[C# Helper]
Index Books FAQ Contact About Rod
[Beginning Database Design Solutions, Second Edition]

[Beginning Software Engineering, Second Edition]

[Essential Algorithms, Second Edition]

[The Modern C# Challenge]

[WPF 3d, Three-Dimensional Graphics with WPF and C#]

[The C# Helper Top 100]

[Interview Puzzles Dissected]

[C# 24-Hour Trainer]

[C# 5.0 Programmer's Reference]

[MCSD Certification Toolkit (Exam 70-483): Programming in C#]

Title: Draw a simple histogram in C#

[Draw a simple histogram in C#]

When the program loads, the following code generates some random data.

private const int MIN_VALUE = 0; private const int MAX_VALUE = 100; private float[] DataValues = new float[10]; // Make some random data. private void Form1_Load(object sender, EventArgs e) { Random rnd = new Random(); // Create data. for (int i = 0; i < DataValues.Length; i++) DataValues[i] = rnd.Next(MIN_VALUE + 5, MAX_VALUE - 5); }

This code creates a new Random object and uses it to fill the DataValues array with random values.

The form's Paint event handler calls the DrawHistogram method, which does all of the interesting work.

// Draw the histogram. private void picHisto_Paint(object sender, PaintEventArgs e) { DrawHistogram(e.Graphics, picHisto.BackColor, DataValues, picHisto.ClientSize.Width, picHisto.ClientSize.Height); }

When the program's PictureBox resizes, its Resize event handler refreshes it, making the Paint event handler run again.

// Redraw. private void picHisto_Resize(object sender, EventArgs e) { picHisto.Refresh(); }

The following code shows the DrawHistogram method.

// Draw a histogram. private void DrawHistogram(Graphics gr, Color back_color, float[] values, int width, int height) { Color[] Colors = new Color[] { Color.Red, Color.LightGreen, Color.Blue, Color.Pink, Color.Green, Color.LightBlue, Color.Orange, Color.Yellow, Color.Purple }; gr.Clear(back_color); // Make a transformation to the PictureBox. RectangleF data_bounds = new RectangleF(0, 0, values.Length, MAX_VALUE); PointF[] points = { new PointF(0, height), new PointF(width, height), new PointF(0, 0) }; Matrix transformation = new Matrix(data_bounds, points); gr.Transform = transformation; // Draw the histogram. using (Pen thin_pen = new Pen(Color.Black, 0)) { for (int i = 0; i < values.Length; i++) { RectangleF rect = new RectangleF(i, 0, 1, values[i]); using (Brush the_brush = new SolidBrush(Colors[i % Colors.Length])) { gr.FillRectangle(the_brush, rect); gr.DrawRectangle(thin_pen, rect.X, rect.Y, rect.Width, rect.Height); } } } gr.ResetTransform(); gr.DrawRectangle(Pens.Black, 0, 0, width - 1, height - 1); }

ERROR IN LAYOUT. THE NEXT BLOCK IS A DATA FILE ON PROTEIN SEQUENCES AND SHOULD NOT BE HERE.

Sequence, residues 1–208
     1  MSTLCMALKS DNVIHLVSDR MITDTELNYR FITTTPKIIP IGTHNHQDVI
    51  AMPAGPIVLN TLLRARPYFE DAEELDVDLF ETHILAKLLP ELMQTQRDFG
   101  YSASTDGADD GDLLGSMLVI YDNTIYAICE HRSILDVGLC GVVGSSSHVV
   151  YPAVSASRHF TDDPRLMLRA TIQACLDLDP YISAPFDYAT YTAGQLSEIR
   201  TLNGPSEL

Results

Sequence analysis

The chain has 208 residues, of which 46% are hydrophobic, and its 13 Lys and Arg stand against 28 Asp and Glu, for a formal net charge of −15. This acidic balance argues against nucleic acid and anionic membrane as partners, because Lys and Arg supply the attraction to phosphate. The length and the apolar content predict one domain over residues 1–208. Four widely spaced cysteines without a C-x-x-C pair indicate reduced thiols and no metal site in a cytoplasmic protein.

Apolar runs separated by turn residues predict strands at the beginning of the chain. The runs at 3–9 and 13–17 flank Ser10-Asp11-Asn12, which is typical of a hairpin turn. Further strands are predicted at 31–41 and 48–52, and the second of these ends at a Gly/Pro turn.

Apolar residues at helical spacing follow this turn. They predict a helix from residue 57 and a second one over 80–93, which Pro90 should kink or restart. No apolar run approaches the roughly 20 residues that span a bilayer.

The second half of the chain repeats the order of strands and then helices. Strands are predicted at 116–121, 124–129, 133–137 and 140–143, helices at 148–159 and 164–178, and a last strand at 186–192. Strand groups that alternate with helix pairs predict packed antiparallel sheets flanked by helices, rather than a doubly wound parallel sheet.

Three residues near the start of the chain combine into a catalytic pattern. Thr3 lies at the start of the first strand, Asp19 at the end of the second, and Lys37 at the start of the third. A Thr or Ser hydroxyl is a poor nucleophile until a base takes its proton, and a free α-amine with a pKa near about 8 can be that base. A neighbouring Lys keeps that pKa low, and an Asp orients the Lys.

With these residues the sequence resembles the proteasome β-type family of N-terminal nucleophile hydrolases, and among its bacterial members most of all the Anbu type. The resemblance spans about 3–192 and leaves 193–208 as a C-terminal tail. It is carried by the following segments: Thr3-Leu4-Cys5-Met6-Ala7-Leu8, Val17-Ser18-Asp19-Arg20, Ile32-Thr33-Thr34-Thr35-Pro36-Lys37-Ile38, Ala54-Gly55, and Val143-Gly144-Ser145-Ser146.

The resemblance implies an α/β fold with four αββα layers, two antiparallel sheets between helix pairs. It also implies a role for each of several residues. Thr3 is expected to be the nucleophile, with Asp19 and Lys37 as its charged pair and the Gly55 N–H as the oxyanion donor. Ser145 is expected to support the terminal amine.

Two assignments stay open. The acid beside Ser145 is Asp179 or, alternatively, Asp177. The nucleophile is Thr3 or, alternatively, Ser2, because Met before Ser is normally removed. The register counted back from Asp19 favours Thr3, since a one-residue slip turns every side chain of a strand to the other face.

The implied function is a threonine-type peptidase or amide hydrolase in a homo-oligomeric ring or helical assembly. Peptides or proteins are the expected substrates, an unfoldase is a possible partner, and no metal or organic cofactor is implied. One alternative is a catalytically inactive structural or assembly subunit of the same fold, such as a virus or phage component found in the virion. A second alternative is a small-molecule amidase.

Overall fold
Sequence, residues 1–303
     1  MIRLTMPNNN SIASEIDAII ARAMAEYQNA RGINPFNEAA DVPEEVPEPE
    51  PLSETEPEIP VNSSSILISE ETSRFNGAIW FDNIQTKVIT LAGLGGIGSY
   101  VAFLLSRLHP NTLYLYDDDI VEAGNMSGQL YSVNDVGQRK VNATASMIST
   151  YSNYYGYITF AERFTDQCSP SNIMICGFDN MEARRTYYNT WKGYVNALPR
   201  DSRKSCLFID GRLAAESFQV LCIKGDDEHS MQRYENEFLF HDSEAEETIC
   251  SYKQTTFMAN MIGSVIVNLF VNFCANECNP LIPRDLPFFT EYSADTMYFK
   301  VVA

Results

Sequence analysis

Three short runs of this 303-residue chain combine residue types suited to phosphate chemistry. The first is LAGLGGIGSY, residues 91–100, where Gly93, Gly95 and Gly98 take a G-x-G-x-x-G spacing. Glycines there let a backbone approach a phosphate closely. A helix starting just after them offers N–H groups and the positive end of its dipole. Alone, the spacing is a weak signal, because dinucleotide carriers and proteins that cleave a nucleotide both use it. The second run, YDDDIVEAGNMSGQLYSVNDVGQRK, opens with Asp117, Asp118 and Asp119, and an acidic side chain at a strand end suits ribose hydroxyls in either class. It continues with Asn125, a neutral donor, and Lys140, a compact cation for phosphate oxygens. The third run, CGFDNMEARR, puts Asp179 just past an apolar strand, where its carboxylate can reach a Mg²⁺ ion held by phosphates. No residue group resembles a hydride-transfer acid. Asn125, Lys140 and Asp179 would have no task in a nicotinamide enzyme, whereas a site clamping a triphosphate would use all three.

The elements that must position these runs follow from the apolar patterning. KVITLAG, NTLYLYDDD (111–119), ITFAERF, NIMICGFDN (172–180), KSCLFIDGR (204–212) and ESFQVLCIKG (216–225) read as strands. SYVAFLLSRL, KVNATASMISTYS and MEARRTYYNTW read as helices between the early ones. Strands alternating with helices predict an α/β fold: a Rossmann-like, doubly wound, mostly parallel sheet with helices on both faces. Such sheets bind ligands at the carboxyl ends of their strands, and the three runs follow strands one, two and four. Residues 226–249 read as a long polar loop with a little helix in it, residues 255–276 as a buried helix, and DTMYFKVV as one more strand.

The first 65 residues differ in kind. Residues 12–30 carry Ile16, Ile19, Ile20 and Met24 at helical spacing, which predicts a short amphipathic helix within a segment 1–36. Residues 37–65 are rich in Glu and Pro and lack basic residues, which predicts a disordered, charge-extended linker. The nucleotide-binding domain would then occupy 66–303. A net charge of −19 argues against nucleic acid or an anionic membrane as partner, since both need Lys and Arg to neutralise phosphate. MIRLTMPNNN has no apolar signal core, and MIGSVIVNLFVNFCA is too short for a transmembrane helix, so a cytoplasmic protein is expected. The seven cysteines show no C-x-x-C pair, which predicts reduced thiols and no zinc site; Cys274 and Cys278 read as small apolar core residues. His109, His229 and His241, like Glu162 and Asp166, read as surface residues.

This code applies a transformation to the Graphics object to map the histogram's coordinates so they fill the PictureBox. It then loops through the data values drawing their histogram bars. It makes the transformation map the number of data values to the PictureBox's width so it can draw each bar with a width of 1 in value coordinates.

Note that the code uses a pen of width 0 to outline the bars. A pen of width 0 is always drawn 1 pixel wide no matter what transformation is in use. (Try using a pen of width 1 and see what happens.)

When the user clicks on the graph, the program uses the following code to determine which histogram bar is under the mouse and displays the corresponding data value.

// Display the value clicked. private void picHisto_MouseDown(object sender, MouseEventArgs e) { // Determine which data value was clicked. float bar_wid = picHisto.ClientSize.Width / (int)DataValues.Length; int i = (int)(e.X / bar_wid); MessageBox.Show("Item " + i + " has value " + DataValues[i], "Value", MessageBoxButtons.OK, MessageBoxIcon.Information); }

Download the example to experiment with it and to see additional details.

© 2009-2023 Rocky Mountain Computer Consulting, Inc. All rights reserved.